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Foley v. Berryhill

United States District Court, E.D. Arkansas, Batesville Division

November 27, 2018

NANCY A. BERRYHILL, Deputy Commissioner for Operations, performing the duties and functions not reserved to the Commissioner of Social Security DEFENDANT




         The following Recommended Disposition (“Recommendation”) has been sent to United States District Judge Brian S. Miller. You may file written objections to all or part of this Recommendation. If you do so, those objections must: (1) specifically explain the factual and/or legal basis for your objection; and (2) be received by the Clerk of this Court within fourteen (14) days of this Recommendation. By not objecting, you may waive the right to appeal questions of fact.


         Hercel Foley applied for social security disability benefits with an amended alleged onset date of April 17, 2015. (R. at 200). After a hearing, the administrative law judge (ALJ) denied his application. (R. at 174). The Appeals Council denied his request for review. (R. at 1). The ALJ's decision now stands as the Commissioner's final decision, and Foley has requested judicial review.

         For the reasons stated below, the magistrate judge recommends reversing and remanding the Commissioner's decision.

         I. The Commissioner's Decision

         The ALJ found that Foley had the severe impairments of multilevel spondylosis at C5-C6 and C6-C7 with some canal stenosis, right eye blindness, history of brain aneurysm repair in May 2013, transient ischemic attack, anxiety; fatigue, gastroesophageal reflux disease, depression, and bipolar disorder. (R. at 162). The ALJ then found that Foley's impairments left him with the residual functional capacity (RFC) to perform light work except that he could perform occasional climbing, stooping, kneeling, crouching, and crawling; never balance due to blindness in one eye and neck issues; stand/walk for six to eight hours, one to two hours without interruption; reach overhead for one third of the day or less; never work at unrestricted heights or operate moving machinery such as a car, bus, taxi cab, or forklift; perform simple, unskilled, or rote work; understand, remember, and follow concrete instructions; and have superficial contact with supervision, coworkers, and the public, defined as meeting and greeting, making change, and giving simple instructions and directions. (R. at 165). The RFC precluded Foley's past relevant work. (R. at 172). However, a vocational expert (VE) testified that a person with Foley's RFC could perform jobs such as blending tank tender helper, sandwich board carrier, or clerical router. (R. at 173). The ALJ therefore held that Foley was not disabled. (R. at 174).

         II. Discussion

         The Court is to affirm the ALJ's decision if it is not based on legal error and is supported by “substantial evidence in the record as a whole, ” which is more than a scintilla but less than a preponderance. Long v. Chater, 108 F.3d 185, 187 (8th Cir. 1997). The Court considers evidence supporting and evidence detracting from the Commissioner's decision, but it will not reverse simply because substantial evidence could support a different outcome. Prosch v. Apfel, 201 F.3d 1010, 1012 (8th Cir. 2000).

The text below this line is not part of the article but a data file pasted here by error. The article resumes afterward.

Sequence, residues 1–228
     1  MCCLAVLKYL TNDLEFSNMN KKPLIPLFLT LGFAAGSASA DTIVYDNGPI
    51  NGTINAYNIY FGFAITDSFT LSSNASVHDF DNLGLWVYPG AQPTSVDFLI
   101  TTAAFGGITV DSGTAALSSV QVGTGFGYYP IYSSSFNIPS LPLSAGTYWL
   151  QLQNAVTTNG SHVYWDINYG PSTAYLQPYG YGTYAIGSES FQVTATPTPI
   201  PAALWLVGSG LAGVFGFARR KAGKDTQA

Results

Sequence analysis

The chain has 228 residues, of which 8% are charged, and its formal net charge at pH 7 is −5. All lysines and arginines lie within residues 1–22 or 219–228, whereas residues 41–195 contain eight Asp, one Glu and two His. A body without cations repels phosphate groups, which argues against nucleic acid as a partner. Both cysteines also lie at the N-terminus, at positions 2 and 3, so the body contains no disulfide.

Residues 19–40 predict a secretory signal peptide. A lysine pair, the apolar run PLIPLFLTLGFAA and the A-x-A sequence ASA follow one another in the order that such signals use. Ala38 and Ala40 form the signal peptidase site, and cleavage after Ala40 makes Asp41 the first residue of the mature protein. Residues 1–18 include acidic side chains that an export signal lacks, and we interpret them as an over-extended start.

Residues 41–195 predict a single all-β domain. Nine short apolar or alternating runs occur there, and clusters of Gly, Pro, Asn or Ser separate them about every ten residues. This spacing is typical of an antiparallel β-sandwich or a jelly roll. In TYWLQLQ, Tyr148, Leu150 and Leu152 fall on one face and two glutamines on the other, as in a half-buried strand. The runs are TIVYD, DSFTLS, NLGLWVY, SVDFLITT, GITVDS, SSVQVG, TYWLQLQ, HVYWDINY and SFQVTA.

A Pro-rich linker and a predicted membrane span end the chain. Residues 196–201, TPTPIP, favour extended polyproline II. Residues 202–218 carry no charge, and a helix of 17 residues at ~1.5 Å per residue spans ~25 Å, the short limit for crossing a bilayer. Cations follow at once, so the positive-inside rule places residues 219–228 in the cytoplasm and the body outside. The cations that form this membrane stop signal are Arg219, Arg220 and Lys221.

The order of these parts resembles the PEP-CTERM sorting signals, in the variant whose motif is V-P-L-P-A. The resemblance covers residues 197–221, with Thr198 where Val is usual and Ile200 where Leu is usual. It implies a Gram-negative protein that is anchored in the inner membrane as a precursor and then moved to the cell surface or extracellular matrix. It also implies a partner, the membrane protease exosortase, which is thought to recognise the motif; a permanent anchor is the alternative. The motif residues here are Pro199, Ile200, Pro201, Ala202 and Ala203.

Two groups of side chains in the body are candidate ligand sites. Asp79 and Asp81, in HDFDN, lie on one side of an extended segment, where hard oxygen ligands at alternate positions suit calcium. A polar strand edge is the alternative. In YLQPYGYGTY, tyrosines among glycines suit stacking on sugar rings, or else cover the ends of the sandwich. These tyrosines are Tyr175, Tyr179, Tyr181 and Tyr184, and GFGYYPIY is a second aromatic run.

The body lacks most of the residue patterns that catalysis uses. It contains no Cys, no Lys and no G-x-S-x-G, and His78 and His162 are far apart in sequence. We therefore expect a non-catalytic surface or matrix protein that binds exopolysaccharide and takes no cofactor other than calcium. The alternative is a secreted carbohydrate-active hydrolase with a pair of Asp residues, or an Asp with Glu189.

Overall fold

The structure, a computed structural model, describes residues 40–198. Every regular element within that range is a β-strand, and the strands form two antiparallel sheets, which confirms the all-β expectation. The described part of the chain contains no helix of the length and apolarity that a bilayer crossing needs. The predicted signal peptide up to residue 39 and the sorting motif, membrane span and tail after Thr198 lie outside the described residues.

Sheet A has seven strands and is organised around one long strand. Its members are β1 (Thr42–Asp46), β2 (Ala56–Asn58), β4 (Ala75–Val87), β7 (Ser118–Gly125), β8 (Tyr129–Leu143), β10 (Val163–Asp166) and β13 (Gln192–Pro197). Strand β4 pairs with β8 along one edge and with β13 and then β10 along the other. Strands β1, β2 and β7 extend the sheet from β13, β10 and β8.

Foley argues that the ALJ failed to properly consider the opinion of his treating physician, Anandaraj Subramanium, M.D., provided insufficient reason for discrediting the opinion, and failed to seek necessary clarification from Dr. Subramanium. The undersigned agrees.

         An ALJ has a duty to ensure that the record contains evidence from a treating or examining physician addressing the particular impairments at issue. Strongson v. Barnhart, 361 F.3d 1066, 1071-72 (8th Cir. 2004). The opinion of a treating physician is entitled to controlling weight if it is supported by “medically acceptable clinical and laboratory diagnostic techniques and is not inconsistent with the other substantial evidence in the record.” Hamilton v. Astrue, 518 F.3d 607, 610 (8th Cir. 2008) (quoting Singh v. Apfel, 222 F.3d 448, 452 (8th Cir. 2000)). Whatever weight the ALJ gives to the treating physician's opinion, he must provide good reason for giving the opinion that weight. Id. It is not permissible for the ALJ to “play doctor, ” substituting his own medical judgment for that of a physician. Pate-Fires v. Astrue, 564 F.3d 935, 946-47 (8th Cir. 2009).

         The ALJ stated in his decision that he gave the treating physician's opinion little weight because the “limitations are not supported by the evidence of record, ” Foley received conservative treatment for his back impairments, was off Zoloft, his aneurysm was stable, and “he had no restrictions in range of motion.” (R. at 171). At the hearing, the ALJ stated that Dr. Subramanium did not “take this procedure seriously, ” as the ALJ did not understand the reasoning for the limitations that he found. (R. at 224-28). Concerningly, the exhibits to which the ALJ cites do not directly support his stated reasons for discrediting Dr. Subramanium's opinions. The ALJ seemingly drew some inferences from the record, which is not permissible.

         No other treating physician has opined what physical limitations Foley has in his ability to work. The ALJ focused on a lack of lower back symptoms, whereas Dr. Subramanium considered all of Foley's impairments. It is not clear whether Dr. Subramanium opined severe limitations in sitting due to Foley's pain in his lower back, in his neck, or perhaps due to circulatory issues relating to his aneurysm or blood pressure. Foley observes that Dr. Subramanium is often called upon ...

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